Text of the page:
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Who could the Mariners bring home? Who should they?

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October is over, and with it the MLB season. Many people are sad to see it go. After all, we have six more months until the next season starts. Some people, especially Mariners fans, might be relieved. After all, we have six more months to dream about made-up scenarios in which the Mariners miraculously become better than the Astros and finally make the playoffs.

It’s not impossible, however. But it won’t just happen. If these winning scenarios are going to be anything more than made-up, the Mariners have to do something. A trade may or may not be the answer, but we’ve got plenty of pretend trade proposals coming down the pipe throughout this week. For now, let’s delve into the land of free agency.

What notable free agent could the Mariners sign to help them turn the corner? Could the team pull an out-of-nowhere heist and somehow sign Bryce Harper or Manny Machado, similar to Robinson Canó signing before 2014? Or is the answer perhaps a more modest, but plausible impact addition such as A.J. Pollock?

Let’s think about what makes a player want to sign a contract. The money, obviously. For some players, it’s the prospect of playing for a winner. For others, it’s the allure of the bright lights and big markets that some teams can provide. For the players that will be wooed by the Mariners, it’s none of the above.

Do you ever look back on a time in your life fondly? Find yourself daydreaming about riding along in the car, you know, back then? Wistfully pining over the neighborhood you used to live in, or the food at the shitty diner you ate at way too often? Do you ever pull back for a second, and realize that those times weren’t actually that great, and that they were filled with the same types of stressors and issues that plague you now?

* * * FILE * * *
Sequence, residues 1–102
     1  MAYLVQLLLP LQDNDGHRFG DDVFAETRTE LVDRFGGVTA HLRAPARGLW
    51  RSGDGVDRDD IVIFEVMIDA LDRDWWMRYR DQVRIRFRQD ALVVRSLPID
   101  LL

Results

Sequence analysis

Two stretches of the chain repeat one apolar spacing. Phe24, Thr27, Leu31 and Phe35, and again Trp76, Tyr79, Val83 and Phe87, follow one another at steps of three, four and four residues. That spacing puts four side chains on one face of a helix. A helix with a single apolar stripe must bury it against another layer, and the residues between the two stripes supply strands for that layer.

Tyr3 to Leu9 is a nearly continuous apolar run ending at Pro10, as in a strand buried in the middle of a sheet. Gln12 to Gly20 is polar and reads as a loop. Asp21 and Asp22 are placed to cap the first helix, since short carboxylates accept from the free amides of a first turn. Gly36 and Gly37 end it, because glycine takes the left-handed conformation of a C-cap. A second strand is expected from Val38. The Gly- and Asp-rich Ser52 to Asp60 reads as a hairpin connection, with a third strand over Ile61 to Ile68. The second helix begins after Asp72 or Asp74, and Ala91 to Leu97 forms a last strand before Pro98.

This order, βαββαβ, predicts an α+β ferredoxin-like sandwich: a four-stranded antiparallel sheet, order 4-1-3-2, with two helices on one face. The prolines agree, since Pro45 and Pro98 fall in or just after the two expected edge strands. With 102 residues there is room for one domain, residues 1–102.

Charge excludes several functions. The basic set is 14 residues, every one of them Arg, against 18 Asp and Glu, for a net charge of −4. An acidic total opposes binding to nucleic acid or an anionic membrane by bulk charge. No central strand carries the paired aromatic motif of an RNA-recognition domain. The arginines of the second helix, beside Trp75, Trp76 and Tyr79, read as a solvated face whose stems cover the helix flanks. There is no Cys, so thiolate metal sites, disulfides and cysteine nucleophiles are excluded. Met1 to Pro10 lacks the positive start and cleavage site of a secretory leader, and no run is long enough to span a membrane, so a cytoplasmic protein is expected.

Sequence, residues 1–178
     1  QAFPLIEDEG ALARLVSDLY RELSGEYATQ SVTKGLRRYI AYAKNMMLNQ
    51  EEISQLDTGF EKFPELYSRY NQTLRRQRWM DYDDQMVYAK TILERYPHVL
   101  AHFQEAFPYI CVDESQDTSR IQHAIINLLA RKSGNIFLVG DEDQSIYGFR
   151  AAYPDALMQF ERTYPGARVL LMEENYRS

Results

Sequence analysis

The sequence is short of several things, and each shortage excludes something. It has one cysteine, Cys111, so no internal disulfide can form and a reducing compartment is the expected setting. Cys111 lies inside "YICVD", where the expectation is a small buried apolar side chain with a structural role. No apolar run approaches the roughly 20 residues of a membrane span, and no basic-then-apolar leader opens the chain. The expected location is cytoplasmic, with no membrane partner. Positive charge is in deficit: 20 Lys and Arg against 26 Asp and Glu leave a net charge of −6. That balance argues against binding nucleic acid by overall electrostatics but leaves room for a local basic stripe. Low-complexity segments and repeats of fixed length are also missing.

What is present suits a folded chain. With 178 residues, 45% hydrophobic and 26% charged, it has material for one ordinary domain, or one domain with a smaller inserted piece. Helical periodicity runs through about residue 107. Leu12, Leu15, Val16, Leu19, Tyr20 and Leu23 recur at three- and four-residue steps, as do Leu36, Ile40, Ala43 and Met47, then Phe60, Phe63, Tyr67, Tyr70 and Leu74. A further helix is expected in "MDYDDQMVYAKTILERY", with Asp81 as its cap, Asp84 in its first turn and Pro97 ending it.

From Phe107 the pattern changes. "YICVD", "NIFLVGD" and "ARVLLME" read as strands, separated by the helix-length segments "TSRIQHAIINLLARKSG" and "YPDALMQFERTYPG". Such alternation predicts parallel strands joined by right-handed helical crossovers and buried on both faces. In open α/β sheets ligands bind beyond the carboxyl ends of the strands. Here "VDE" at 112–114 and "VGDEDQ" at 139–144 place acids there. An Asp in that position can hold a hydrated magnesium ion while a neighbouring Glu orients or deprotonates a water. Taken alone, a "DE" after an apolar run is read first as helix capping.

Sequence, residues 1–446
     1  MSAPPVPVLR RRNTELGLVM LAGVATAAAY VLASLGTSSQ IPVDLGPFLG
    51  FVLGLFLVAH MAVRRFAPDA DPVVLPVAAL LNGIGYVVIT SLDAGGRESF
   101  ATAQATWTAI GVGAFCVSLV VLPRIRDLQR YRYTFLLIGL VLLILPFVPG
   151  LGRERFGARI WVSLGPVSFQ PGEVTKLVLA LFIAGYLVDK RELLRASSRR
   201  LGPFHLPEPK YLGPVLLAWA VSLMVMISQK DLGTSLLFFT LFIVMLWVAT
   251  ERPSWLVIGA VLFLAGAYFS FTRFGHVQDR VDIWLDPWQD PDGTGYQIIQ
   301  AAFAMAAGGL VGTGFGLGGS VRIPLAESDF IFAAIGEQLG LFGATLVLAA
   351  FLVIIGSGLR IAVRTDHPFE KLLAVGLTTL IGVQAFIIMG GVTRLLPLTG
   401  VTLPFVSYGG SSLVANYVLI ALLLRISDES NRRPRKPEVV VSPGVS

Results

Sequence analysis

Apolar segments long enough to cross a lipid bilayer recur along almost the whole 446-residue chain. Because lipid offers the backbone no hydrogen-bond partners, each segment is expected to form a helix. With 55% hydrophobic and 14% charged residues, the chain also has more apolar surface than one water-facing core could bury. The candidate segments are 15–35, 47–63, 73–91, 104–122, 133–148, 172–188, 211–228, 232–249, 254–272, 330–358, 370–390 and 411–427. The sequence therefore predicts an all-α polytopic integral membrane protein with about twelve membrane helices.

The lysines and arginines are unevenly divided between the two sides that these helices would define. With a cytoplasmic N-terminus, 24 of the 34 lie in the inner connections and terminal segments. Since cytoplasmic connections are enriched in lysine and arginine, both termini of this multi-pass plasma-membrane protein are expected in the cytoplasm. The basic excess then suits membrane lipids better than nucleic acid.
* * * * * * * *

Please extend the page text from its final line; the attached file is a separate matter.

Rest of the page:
As Dolly Parton sang about, those were the good old days (when times were bad). Which brings me to my point.

If the Mariners can’t offer the money, or the winning, or the big city, what can they offer? Nostalgia.

Unlike the Harpers, or Machados, or even the Pollocks of the offseason, some players can be wooed on the basis of irrationally good memories they might have about Seattle. Let’s take a look at who that could be.

The Bad: Dustin Ackley

He’s a free agent! Again! This might be testing the unwarranted nostalgia theory to the extreme. If Ackley has a single good memory about Seattle, I’d be surprised. And yet, if I can feel nostalgic about crying in a Taco Bell parking lot in 2013, maybe Dustin can feel nostalgic about the first MLB team he ever played for. Would the Mariners want him? I sure hope not! Does Dustin even want to play any more? Who knows! It’s not a match made in heaven, but it’s technically a match of a Major League Baseball team and a Major League Baseball free agent.

The verdict: 0/10 “BRING. HIM. HOME.”s

The “Oh yeah, that dude.”: Phillippe Aumont

Aumont is a dude that I forget about for 525,599 minutes out of each year, but then remember vividly for that one other minute. “Right, that dude. First round pick, Canadian, threw hard, super tall. Traded him for Cliff Lee. Then he was bad.” The same facts, flashing in front of my eyes, like in Memento. Or something. It’s been a while since I saw Memento. Aumont has not really become better, but he has continued to pitch. He’s also somehow two years younger than Kyle Seager.